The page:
In 1997 the U.S. Food and Drug Administration relaxed its rules on broadcast advertising of prescription drugs. The new rules allowed pharmaceutical firms to ply their products to the general public without including the detailed information on side effects and other medical indications required in advertising aimed at doctors. As a result, expenditures on direct-to-consumer advertising (DTCA) rose from $800 million in 1996 to $4.9 billion in 2007—an annual growth rate of 18 percent that far exceeded that for the pharmaceutical industry’s total expenditures on promotion.

Plainly, drug companies believe in the power of DTCA. But research to date has suggested it is less effective than physician-directed promotion in increasing market share for branded pharmaceuticals. However, that research has taken a rather superficial approach to the impact of DTC drug advertisements. Now a Kellogg School of Management researcher and his colleague have developed a model that digs deeper and takes a more optimistic view of DTCA’s effect. “[O]ur paper is one of the first to model the unique decision process in the prescription decision-making context, which involves both patients and physicians,” the pair state. “[T]his model structure also highlights the important difference between DCTA and physician- directed promotions.”

Lakshman Krishnamurthi, a professor of marketing at the Kellogg School, outlines the chief finding. “The main message is that direct-to-consumer advertising can increase the size of the pie—that is, raise awareness and increase the number of patient visits,” he says. “In addition, the DTCA category has a strong multi-period return on investment for pharmaceutical companies.” In other words, everyone involved—patients, doctors, and drug makers—benefits.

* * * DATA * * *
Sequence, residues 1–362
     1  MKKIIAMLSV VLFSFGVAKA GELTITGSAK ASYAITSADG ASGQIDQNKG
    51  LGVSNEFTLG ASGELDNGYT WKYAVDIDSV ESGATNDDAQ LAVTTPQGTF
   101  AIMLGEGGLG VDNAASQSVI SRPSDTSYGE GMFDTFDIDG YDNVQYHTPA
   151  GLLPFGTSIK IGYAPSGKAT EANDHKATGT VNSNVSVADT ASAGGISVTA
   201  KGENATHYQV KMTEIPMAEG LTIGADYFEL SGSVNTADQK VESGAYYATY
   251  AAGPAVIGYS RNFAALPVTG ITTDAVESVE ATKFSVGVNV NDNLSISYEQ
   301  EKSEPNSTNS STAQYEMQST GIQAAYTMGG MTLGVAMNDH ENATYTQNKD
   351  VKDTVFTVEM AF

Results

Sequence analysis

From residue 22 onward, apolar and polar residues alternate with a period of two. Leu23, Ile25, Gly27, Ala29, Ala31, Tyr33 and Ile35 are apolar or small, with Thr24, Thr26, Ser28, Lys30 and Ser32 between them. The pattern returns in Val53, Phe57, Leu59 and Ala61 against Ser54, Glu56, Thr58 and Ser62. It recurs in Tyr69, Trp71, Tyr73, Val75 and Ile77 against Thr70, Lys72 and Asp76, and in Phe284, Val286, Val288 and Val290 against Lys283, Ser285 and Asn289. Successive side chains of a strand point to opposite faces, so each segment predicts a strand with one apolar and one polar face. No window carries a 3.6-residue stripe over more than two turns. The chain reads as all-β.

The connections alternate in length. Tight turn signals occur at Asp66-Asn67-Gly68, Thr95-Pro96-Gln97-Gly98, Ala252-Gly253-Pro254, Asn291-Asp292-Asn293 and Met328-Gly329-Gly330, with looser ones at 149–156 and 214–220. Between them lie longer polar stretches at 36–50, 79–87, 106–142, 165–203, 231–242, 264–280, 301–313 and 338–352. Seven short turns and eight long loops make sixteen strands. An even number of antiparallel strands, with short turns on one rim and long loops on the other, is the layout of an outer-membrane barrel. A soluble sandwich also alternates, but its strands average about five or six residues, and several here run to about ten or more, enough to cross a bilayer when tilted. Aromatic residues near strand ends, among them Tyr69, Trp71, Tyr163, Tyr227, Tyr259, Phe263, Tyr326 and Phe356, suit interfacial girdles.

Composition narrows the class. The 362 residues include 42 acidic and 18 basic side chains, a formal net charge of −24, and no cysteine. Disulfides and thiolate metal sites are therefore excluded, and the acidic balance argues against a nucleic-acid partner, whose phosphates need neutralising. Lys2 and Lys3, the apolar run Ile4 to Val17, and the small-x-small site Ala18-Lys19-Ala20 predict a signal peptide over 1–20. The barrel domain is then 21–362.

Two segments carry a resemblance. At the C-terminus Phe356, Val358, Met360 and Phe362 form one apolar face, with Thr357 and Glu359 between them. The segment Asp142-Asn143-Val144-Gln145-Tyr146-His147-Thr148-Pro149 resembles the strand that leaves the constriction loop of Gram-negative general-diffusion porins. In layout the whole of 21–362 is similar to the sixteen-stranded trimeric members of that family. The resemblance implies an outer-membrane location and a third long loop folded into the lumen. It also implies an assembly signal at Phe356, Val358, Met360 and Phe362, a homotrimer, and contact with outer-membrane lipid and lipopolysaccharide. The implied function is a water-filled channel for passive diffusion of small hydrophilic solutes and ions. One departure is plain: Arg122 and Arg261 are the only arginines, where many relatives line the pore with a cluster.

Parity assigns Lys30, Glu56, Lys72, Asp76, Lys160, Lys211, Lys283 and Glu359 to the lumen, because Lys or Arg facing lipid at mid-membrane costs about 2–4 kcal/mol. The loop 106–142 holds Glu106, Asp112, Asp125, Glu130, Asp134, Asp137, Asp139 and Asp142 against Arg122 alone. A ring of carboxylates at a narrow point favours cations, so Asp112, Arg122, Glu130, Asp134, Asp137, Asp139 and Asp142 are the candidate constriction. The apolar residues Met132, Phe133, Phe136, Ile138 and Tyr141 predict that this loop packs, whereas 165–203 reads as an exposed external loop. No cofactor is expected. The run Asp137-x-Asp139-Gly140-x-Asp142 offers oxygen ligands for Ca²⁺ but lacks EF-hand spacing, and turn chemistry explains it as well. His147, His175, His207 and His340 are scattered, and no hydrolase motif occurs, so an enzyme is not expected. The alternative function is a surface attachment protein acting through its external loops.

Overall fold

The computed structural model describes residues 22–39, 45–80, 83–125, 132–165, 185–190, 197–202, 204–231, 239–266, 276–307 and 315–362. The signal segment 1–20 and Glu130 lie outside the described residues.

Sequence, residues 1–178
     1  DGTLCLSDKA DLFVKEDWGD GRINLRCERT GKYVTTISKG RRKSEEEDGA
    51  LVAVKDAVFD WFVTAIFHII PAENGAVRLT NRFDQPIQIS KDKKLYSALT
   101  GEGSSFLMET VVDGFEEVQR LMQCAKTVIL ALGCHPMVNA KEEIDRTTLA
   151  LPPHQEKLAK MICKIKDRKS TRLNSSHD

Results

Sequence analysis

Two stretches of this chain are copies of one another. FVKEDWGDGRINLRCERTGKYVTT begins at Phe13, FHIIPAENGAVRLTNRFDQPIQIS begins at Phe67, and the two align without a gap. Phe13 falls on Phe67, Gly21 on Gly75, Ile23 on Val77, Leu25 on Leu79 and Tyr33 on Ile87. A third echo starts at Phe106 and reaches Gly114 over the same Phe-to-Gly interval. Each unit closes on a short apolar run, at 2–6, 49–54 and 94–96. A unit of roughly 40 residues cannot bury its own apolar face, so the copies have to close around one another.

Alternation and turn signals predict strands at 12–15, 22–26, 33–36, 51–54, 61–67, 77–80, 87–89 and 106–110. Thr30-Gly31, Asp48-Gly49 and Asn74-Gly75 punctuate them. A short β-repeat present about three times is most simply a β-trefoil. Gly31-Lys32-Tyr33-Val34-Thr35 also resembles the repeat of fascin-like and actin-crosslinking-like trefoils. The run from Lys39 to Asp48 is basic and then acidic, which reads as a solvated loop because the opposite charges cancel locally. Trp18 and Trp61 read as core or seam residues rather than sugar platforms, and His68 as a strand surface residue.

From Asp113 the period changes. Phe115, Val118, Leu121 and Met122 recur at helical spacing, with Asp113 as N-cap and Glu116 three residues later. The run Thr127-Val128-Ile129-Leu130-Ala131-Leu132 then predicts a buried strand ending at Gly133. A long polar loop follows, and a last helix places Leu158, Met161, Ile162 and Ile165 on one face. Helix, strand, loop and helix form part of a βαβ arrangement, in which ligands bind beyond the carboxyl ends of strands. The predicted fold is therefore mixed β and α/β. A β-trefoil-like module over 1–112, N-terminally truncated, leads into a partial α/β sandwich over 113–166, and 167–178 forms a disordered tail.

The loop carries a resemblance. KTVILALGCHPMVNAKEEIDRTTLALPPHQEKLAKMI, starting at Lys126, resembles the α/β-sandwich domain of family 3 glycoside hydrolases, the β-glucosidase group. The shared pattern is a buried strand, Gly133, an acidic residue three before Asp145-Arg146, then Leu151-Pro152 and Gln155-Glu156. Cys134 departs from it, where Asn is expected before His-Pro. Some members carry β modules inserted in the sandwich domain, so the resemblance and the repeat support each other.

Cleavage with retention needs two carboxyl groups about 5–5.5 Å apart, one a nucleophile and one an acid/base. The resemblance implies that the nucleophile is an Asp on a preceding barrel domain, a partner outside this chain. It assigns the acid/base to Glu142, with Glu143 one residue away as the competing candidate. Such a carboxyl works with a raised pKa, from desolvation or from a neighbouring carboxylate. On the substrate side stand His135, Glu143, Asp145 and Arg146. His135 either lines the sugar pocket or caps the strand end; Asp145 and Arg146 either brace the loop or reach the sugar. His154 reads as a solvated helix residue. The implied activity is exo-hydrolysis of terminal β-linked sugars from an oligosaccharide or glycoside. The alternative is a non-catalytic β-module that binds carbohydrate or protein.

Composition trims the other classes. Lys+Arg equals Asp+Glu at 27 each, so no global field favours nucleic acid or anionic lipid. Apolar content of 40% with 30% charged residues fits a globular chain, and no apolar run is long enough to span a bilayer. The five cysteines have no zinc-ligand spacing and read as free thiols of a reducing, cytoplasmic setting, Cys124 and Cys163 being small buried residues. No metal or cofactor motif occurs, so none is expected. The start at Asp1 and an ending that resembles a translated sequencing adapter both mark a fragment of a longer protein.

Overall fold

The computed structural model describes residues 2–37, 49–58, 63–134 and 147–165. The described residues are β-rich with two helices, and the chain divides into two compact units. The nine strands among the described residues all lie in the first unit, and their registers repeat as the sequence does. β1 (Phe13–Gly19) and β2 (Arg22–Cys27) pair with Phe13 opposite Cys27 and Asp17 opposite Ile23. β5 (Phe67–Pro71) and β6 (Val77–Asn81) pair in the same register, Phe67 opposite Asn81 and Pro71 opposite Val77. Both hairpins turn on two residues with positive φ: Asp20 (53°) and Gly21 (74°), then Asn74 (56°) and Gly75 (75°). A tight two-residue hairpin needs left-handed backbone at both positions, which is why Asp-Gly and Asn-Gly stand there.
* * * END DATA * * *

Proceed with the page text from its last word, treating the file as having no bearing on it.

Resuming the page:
A Void in Understanding
In their study, Krishnamurthi and his colleague Ying Xie, an assistant professor at Washington University, St. Louis, aimed to fill a void in understanding DTCA’s effectiveness. Previous studies, they say, failed to address DTCA’s relative effectiveness in increasing patients’ awareness of drugs and influencing their doctors’ choices of drugs to prescribe. Nor did they explain how pharmaceutical firms should allocate their budgets among different types of advertising and what types of advertising the government should encourage to educate patients about treatments.

To start the project, Krishnamurthi recalls, “we separated out treatment incidence decisions—visiting the doctor—and brand choice decisions—the doctor’s decision to prescribe or not prescribe a specific drug—which had not been done before.” The pair also distinguished between two types of DTCA: category-specific and brand-specific.

Category-specific advertising promotes an entire therapeutic category. These “help-seeking ads” do not mention a brand name, but aim to alert consumers to an illness and its symptoms and to assure them that treatment is available. For example, a series of ads sponsored by Pfizer focus on cholesterol control, but do not mention the Lipitor brand. Brand-specific advertisements, in contrast, focus on particular drugs. They come in two varieties. “Reminder ads,” such as those Schering-Plough ran when allergy drug Claritin was prescription only, aim to build brand recognition for specific drugs without mentioning the diseases they treat or dosage information. Product claim ads, such as those for the prostate relief drug Flomax, meanwhile, mention both a drug’s name and its intended use. They try to persuade patients with a specific disease to ask their doctor about the advertised drug.